Sharing Darwin’s doubt

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Even the best of people have had their doubts at times. Thomas is probably one of the most famous, when he emphatically told his fellow disciples that he would not believe their story about seeing Jesus alive again unless he had personal, physical evidence that it really was the same Person he had seen crucified who was alive again. We can sympathise with Thomas because it’s sometimes hard to believe someone else’s testimony, particularly when it goes beyond the experiences that we have had.

It becomes even more fascinating when a person has doubts about their own ideas and theories. In 1859, Charles Darwin published a book called On the Origin of Species in which he developed his theory of evolution that all living organisms had evolved from a common ancestor through the process of natural selection. In 1881, however, Darwin wrote a letter to William Graham in which he revealed his own doubts whether he could trust our ability to think, if we had evolved from animals:

Some Christians simply assume that God spiritually inserted an immortal soul into an evolved, monkey-like animal and this resulted in the first human beings.

But then with me the horrid doubt always arises whether the convictions of man’s mind, which has been developed from the mind of the lower animals, are of any value or at all trustworthy. Would anyone trust in the convictions of a monkey’s mind, if there are any convictions in such a mind?1

Darwin clearly saw that we cannot be confident that unguided evolution can produce intelligent minds that are able to generate beliefs that can be trusted. This means, ironically, that atheistic evolution actually undermines itself because it removes our ability to trust our own thoughts. In short, it’s irrational to be an atheist and at the same time believe that we evolved.2 

But what about a Christian who believes in evolution? What if we try to add God into the evolution equation? What if we consider the possibility that God guided the long-winded and convoluted evolution process to the point where we arrived as intelligent human beings? This is called theistic evolution and is promoted by a number of Christians as a way of integrating the Christian faith with evolutionary biology.

The problem is that theistic evolution does not really dispel Darwin’s doubt. There’s no greater reason to trust what a chimpanzee has concluded about physics, the universe and the origin of life as compared to what a simpler, tree-climbing lemur from Madagascar has concluded. Evolution claims that we are merely more advanced along the evolutionary pathway with respect to intelligence than both of these critters but it does not provide a solid foundation on which we can trust human intelligence. We would not seriously take a monkey’s concept of how monkeys developed into consideration even if God had supposedly guided an evolutionary process for monkeys to come to be swinging from tree to tree. This is because we recognise that monkeys do not have the capacity to reach valid conclusions about these sorts of things. Why would we assume that slightly more evolved humans have this capacity?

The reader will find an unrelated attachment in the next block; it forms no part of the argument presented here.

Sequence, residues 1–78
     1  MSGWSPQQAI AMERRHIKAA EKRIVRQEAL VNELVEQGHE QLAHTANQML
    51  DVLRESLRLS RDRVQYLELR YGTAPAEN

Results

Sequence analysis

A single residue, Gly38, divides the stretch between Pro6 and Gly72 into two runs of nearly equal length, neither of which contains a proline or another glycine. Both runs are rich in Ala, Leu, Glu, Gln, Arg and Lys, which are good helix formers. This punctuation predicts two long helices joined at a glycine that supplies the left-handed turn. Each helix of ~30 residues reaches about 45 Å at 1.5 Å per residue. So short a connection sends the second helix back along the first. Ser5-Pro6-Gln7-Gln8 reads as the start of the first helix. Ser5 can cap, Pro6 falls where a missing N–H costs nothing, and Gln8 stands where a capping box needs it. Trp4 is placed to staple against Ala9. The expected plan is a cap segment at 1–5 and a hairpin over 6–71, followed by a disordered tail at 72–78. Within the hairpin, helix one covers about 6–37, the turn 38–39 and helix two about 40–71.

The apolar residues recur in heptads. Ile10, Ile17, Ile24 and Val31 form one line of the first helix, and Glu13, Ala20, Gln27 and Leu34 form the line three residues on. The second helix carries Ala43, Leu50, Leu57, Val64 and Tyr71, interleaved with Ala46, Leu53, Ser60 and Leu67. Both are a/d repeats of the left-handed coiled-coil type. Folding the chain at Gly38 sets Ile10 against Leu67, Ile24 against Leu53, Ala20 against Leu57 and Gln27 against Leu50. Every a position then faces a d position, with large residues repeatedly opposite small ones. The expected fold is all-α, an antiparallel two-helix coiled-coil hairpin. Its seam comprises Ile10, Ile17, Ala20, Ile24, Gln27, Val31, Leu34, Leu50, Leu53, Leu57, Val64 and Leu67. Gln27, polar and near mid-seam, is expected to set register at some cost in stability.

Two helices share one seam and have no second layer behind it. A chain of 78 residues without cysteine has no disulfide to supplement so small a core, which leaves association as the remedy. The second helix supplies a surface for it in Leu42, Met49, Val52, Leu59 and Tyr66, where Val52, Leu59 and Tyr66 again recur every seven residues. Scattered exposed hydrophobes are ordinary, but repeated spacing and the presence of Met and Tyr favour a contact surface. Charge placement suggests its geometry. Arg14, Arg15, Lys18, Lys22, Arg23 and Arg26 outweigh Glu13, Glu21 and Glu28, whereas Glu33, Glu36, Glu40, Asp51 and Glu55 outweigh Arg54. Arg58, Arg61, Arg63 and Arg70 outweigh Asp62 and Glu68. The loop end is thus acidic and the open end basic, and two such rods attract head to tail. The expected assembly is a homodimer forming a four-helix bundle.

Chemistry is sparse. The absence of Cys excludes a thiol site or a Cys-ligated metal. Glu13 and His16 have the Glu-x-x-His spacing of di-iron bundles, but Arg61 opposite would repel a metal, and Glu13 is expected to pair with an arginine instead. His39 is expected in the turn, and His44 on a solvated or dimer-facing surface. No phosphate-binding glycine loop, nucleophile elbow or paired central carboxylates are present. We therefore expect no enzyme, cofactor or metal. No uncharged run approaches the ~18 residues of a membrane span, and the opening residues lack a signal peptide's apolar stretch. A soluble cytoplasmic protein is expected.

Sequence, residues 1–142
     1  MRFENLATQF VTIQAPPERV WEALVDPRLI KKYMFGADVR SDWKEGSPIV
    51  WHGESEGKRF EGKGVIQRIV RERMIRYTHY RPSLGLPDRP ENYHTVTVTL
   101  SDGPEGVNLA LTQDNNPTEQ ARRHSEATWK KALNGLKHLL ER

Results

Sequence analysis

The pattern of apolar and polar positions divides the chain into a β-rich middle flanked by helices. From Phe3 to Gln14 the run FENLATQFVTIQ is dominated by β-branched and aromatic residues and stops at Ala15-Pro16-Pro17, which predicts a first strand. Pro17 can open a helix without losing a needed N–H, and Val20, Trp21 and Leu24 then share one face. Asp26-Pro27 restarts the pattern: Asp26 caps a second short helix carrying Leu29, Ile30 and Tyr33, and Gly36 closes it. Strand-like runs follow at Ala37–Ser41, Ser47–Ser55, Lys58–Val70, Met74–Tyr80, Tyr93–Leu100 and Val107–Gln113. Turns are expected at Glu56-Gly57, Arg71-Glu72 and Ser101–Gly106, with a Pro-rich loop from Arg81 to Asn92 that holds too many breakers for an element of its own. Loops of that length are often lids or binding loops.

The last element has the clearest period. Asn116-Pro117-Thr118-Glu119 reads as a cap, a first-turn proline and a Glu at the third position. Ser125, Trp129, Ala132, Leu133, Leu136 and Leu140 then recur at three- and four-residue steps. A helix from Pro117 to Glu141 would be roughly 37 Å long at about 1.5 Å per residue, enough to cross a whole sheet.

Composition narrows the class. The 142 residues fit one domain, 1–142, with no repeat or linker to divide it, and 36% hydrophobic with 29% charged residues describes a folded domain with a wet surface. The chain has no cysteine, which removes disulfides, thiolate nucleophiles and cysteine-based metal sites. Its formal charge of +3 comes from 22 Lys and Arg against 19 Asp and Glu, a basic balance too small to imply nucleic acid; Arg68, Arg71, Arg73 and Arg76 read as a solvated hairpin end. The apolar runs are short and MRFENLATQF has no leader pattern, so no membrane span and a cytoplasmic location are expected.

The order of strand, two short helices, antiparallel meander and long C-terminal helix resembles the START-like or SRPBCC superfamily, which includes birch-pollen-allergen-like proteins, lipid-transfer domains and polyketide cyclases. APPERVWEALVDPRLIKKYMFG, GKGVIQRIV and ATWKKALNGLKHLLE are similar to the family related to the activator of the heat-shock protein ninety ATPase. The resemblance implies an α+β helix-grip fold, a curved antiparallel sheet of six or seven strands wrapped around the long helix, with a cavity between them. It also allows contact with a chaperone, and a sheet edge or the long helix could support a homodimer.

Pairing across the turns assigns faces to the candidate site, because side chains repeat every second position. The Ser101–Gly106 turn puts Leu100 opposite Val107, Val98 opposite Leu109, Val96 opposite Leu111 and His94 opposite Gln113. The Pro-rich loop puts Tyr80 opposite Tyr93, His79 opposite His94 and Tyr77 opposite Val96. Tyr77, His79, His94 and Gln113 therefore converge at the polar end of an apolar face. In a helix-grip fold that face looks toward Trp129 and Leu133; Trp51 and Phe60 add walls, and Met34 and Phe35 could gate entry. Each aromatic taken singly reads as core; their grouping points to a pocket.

This identifies that one of the key problems in theistic evolution is the process by which human beings acquire this far-reaching intelligence and moral awareness. Some Christians simply assume that God spiritually inserted an immortal soul into an evolved, monkey-like animal and this resulted in the first human beings. However, for us as Adventists, this explanation is inconsistent with our understanding of human nature because our study of the Bible has revealed that our nature is wholistic. There is no intelligent, conscious soul that has been added into or can be separated out from our human bodies.

This identifies the reality that the basis of our confidence in human intelligence comes from another source and process. Most of us believe that we are unique as human beings because we have an intelligence that includes rationality, freedom of choice and an awareness of moral values and duties. This is actually grounded on the concept that God created us in His image, as described in Genesis 1:26,27, in a single special act of creation. We are intelligent because we have been specially created to reflect God’s intelligence. This is a capacity that no other animal possesses.

I share Darwin’s doubt. This leads me away from evolution and to what the Bible says about how we were created in God’s image. Darwin’s doubt also leads me to reject theistic evolution as well. Instead, the Bible provides me with the basis for trusting that God specially created all of life on earth in six days. I am grateful that Darwin shared his doubt with William Graham. I am even more grateful that God has shared the certainty that He created us in His image. What an incredible thought and privilege!
 

1. Charles Darwin’s letter 13230 to William Graham 3 July 1881: http://www.darwinproject.ac.uk/entry-13230/ 

2. Refer to Professor Alvin Plantinga’s book Where the Conflict Really Lies: Science, Religion and Naturalism, Oxford University Press, 2011.
 


Dr Sven Ostring is director of Personal Ministries, Sabbath School, Stewardship and Discipleship for the Greater Sydney Conference.